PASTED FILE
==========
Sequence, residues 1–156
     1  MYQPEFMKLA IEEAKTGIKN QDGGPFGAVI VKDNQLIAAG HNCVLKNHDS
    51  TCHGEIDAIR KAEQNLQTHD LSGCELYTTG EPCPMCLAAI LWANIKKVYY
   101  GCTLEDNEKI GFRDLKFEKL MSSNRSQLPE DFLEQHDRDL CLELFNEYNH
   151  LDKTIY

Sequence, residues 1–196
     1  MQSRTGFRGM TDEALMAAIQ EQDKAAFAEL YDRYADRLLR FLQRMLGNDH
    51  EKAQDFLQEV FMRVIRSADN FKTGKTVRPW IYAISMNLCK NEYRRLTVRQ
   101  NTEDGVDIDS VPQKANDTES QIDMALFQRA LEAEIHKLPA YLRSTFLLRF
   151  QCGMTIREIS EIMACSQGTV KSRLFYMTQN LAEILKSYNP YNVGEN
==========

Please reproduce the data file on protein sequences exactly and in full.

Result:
Sequence, residues 1–156
     1  MYQPEFMKLA IEEAKTGIKN QDGGPFGAVI VKDNQLIAAG HNCVLKNHDS
    51  TCHGEIDAIR KAEQNLQTHD LSGCELYTTG EPCPMCLAAI LWANIKKVYY
   101  GCTLEDNEKI GFRDLKFEKL MSSNRSQLPE DFLEQHDRDL CLELFNEYNH
   151  LDKTIY

Sequence, residues 1–196
     1  MQSRTGFRGM TDEALMAAIQ EQDKAAFAEL YDRYADRLLR FLQRMLGNDH
    51  EKAQDFLQEV FMRVIRSADN FKTGKTVRPW IYAISMNLCK NEYRRLTVRQ
   101  NTEDGVDIDS VPQKANDTES QIDMALFQRA LEAEIHKLPA YLRSTFLLRF
   151  QCGMTIREIS EIMACSQGTV KSRLFYMTQN LAEILKSYNP YNVGEN